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P.I.

Heart of the World, Linda Barnes, St. Martin's Minotaur, $24.95.

Heart of the World by Linda Barnes

In the constellation of female P.I, authors - at least in terms of talent and achievement - Linda Barnes ranks right up there with Sara Paretsky, Sue Grafton and Marcia Muller - she just isn't as well known as they are, but she has just as much to say, and she says it just as memorably. This is taxi driver - P.I. Carlotta Carlyle's tenth outing, in which Barnes gets Carlotta out of her native Boston, and very effectively hooks the story emotionally to Carlotta by having the missing teen Carlotta's trying to find be Carlotta's "little sister", Paolina. Paolina isn't really Carlotta's little sister, merely a sister (more like a niece or daughter) by virtual adoption - Paolina has a room at Carlotta's and Carlotta has known her since she was a small girl, trying to find the perfect ice cream cone. In this book, Paolina is fifteen years old, which, as anyone with a teenager can tell you, is a whole other ball of wax. Paolina lives with her mother but daydreams about her father, a notorious Columbian drug lord, long thought to be dead. Paolina, as the reader is quick to discover, knows otherwise, as she has received a gift from him recently. All her teenage longing for a beautiful, princess like relationship with a glamourous and distant father culminates in her being grabbed off the street by two people claiming to want to take her to him. As Barnes skillfully alternates narratives between Carlotta and Paolina, the reader knows that Paolina is quickly becoming both scared and bored of captivity, and that Carlotta is just plain scared. Carlotta is luckily free to act on her fear, which takes her to Columbia, the real scene of the action.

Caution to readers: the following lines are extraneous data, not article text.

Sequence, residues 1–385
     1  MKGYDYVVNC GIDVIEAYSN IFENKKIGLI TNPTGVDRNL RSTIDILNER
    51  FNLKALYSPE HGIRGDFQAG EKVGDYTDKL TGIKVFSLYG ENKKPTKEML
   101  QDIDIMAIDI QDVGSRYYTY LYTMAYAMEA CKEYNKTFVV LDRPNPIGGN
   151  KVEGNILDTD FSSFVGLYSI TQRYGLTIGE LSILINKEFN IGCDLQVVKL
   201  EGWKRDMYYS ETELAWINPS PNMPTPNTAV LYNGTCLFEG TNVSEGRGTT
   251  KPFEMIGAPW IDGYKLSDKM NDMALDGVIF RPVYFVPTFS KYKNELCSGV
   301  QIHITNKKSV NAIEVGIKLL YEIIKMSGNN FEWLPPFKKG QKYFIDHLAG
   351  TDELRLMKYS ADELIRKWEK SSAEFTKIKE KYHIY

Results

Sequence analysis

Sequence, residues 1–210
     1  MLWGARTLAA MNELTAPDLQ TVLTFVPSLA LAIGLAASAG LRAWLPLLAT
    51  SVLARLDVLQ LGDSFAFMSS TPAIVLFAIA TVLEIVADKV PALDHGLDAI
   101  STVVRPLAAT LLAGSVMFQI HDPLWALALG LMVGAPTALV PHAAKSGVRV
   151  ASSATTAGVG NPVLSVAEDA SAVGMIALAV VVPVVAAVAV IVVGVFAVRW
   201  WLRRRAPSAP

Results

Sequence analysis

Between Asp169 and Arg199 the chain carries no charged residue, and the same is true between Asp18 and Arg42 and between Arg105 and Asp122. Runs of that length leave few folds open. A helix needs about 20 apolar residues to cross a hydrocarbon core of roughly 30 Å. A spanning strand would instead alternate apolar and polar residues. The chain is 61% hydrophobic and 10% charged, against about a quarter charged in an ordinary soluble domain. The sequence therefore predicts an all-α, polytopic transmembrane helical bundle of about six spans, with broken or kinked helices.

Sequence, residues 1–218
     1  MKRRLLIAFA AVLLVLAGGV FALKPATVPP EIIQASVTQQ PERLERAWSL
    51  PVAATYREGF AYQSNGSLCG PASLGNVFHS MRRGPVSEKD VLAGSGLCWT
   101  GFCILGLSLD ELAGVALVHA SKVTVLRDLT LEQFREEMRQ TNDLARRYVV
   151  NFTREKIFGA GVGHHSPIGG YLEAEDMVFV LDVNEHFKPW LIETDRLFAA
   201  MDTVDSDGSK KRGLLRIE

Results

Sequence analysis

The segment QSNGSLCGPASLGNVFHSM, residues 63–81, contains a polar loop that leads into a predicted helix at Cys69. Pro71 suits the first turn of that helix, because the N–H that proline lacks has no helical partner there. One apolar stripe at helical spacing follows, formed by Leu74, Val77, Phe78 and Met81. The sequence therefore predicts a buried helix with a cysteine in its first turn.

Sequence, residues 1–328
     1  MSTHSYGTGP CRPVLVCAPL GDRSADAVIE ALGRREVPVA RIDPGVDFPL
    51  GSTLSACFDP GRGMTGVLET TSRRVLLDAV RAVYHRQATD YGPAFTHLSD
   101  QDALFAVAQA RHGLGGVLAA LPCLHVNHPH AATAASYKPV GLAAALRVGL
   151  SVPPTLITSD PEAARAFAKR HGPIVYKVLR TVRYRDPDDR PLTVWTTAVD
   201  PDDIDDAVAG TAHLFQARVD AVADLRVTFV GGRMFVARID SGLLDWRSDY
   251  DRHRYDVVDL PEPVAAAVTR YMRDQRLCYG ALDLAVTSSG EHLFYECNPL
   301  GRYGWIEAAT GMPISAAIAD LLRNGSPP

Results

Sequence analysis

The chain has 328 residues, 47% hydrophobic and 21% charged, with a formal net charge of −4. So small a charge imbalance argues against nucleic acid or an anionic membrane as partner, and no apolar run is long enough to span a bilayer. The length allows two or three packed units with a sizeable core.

I wasn't so familiar with the area Barnes was vividly describing in the novel and consulted my son's globe to find Columbia on the northernmost tip of South America and bordering, to my surprise, not the Pacific but the Caribbean Sea. It made Barnes' tale seem all the more romantic and highly charged, as she skillfully draws in the local mythology and ancient culture and updates it to present day politics. The slow "reveal" of Paolina's actual father is very well done, as Barnes peels away the layers of his personality and at the same time ratchets up the suspense factor of her story, which of course ends with the freeing of Paolina, but has so much more to it than that. Carlotta is a larger than life character with big feet who memorably has to call a friend back home in Boston when forced to attend a fancy party in Miami (in the service of finding Paolina) and figure out how to find something appropriate to wear from her unpromising duffel bag. What she's able to do with a simple silk scarf will stay with you for awhile, as will this story. (Robin)

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